The St. Louis Cardinals confirmed Thursday that Yadier Molina will be the franchise’s catcher for at least the next five seasons, marking the second time the team has kept the best defensive player in the game.
The Cardinals signed Molina to a $75 million contract extension that will keep him in St. Louis until at least 2017. However, unlike most big-money contracts dished out around the league these days, Molina will receive the bulk of that money because of his glove, not his bat.
Molina’s deal also harkens back to the 1980s when the Cardinals paid a shortstop named Ozzie Smith to often-miraculously cover the middle of the infield. Smith never made more than $3.5 million in a single year, but that is more because of the different eras than because of talent. From 1978 to 1996, $3.5 million was still considered a lot of money, especially for someone with a .262 career batting average.
During his career, Smith reshaped how defensive players were valued. He averaged just two homeruns during his 19-year career, but he saved countless runs with his dazzling glovework.
Sure, other eras also had terrific defensive players, but Smith made defense exciting to watch. The crowd at Busch Stadium would actually cheer when a ball was hit toward Smith’s shortstop position because there was a pretty good chance it might be the most memorable moment of the game.
Molina is the same way behind the plate. He’s not the first catcher to receive a big contract. Catchers such as Joe Mauer, Jorge Posada and Mike Piazza also received huge paydays, but the difference between those catchers and Molina is how well they hit. Each of the three previously mentioned players were paid because of what they could do standing next to the plate more than what they could do behind it.
That’s not the case with Molina. He has a .274 career batting average and hits about nine homeruns each season. But, he leads a pitching staff as well as anybody and has gunned down 44 percent of the baserunners who dare to try and steal second base when Molina is in the game.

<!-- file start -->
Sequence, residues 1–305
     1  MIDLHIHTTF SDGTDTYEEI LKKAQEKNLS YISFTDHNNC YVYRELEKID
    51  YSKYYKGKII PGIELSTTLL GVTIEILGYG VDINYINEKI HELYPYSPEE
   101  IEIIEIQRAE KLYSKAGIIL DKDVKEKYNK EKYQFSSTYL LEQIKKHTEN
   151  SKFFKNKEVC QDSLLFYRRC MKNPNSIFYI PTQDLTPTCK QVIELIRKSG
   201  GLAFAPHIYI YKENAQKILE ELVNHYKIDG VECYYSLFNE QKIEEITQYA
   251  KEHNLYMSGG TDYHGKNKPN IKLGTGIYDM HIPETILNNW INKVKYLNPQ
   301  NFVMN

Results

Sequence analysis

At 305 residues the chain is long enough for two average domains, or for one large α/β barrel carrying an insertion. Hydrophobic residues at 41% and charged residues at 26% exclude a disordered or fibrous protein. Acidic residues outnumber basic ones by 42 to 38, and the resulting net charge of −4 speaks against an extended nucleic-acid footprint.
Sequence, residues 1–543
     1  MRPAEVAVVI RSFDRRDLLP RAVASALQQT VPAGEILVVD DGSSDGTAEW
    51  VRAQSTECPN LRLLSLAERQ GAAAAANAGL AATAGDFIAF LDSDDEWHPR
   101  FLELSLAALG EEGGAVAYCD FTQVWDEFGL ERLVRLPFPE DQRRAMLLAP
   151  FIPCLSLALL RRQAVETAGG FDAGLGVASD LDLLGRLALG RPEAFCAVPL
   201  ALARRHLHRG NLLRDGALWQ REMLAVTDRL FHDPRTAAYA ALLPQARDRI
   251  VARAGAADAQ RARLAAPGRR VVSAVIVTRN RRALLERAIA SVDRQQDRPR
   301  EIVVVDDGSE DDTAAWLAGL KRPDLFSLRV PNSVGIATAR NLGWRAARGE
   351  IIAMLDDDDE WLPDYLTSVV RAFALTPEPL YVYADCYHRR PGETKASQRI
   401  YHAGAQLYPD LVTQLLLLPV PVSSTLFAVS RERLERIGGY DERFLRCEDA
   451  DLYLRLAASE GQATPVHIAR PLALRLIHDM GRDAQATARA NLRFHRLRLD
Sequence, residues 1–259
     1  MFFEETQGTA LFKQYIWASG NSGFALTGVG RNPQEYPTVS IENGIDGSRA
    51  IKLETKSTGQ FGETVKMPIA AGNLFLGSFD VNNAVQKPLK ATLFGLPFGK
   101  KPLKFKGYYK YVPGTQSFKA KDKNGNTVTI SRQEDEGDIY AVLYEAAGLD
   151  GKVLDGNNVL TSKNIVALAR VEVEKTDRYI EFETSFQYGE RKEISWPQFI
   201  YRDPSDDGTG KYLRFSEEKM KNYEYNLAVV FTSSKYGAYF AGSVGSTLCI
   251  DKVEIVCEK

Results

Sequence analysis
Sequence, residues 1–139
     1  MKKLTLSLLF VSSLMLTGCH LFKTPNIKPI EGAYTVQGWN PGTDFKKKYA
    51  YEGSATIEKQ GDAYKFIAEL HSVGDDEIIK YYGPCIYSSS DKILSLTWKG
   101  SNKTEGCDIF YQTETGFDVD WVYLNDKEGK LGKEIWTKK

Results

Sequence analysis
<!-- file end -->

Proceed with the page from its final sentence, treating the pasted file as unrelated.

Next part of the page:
Molina gets a similar reaction at Busch Stadium III when he throws out a baserunner as Smith did at Busch Stadium II for making a diving play or leaping grab.
Defense is often undervalued in Major League Baseball. Teams pay more for homerun hitters because the stats are more black and white. A batting average will show how good a hitter is, but fielding percentage is much more subjective and misses a large part of the defensive game. Sure, there are new defensive sabermetrics coming out each year, but defense is still tougher to value than offense.
Given the holes in the statistics, defensive prowess must be defined by observation. Regardless of how many baserunners Molina throws out, the intangibles he brings to the field are vital to the success of the team. He is the lynchpin that holds the team together, even more so than Pujols when he was a Cardinal.
Smith was the same way. He played on all three of the Cardinals World Series teams in the 1980s and provided stability at one of the most important positions on the field.
Cardinals fans should appreciate watching Molina play defense. It is an art form that is often overlooked until it is gone.
Defense will likely never be valued as much as offense, but players such as Molina and Smith show that terrific defense wins a lot of ballgames, and quite a few championships, as well.